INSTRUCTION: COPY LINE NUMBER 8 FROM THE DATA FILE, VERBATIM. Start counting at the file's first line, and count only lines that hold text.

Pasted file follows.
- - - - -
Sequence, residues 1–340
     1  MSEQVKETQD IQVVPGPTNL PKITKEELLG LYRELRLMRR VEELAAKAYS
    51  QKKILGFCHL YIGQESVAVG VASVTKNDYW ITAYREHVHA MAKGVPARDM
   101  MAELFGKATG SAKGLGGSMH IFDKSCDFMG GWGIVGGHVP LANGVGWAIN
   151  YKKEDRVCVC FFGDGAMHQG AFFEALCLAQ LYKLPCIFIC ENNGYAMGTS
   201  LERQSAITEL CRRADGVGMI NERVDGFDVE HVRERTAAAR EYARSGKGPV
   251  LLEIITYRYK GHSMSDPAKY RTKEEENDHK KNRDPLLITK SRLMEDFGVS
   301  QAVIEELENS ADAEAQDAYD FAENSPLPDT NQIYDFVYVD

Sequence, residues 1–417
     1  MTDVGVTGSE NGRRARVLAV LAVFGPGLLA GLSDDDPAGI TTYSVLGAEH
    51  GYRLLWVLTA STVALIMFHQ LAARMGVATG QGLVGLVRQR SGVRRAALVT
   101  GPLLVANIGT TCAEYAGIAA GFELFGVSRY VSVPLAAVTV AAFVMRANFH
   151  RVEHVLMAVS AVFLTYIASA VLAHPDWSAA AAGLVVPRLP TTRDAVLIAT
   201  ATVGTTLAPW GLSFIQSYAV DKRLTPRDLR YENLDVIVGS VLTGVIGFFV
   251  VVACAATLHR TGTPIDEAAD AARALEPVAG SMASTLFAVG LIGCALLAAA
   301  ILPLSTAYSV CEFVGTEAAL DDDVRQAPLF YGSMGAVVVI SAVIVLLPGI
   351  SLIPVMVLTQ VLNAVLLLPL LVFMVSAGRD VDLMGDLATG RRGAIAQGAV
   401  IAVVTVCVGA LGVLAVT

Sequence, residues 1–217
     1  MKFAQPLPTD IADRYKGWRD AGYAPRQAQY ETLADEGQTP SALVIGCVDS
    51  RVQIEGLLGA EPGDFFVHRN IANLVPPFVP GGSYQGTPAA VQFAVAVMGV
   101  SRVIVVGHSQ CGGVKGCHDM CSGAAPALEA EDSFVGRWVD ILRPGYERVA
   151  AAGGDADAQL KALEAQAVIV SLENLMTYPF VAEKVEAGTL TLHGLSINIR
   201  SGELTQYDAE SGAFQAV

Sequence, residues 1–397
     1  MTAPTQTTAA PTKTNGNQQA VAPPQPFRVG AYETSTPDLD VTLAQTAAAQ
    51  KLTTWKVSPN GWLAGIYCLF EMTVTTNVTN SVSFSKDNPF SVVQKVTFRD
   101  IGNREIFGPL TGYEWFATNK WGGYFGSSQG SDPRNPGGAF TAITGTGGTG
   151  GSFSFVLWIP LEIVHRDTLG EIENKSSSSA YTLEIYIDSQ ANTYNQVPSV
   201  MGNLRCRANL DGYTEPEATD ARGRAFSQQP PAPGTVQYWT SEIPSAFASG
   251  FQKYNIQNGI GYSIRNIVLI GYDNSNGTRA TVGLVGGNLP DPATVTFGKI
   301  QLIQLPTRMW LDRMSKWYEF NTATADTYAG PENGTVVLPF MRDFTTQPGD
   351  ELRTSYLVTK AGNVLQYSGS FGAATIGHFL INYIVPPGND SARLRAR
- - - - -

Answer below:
   301  QAVIEELENS ADAEAQDAYD FAENSPLPDT NQIYDFVYVD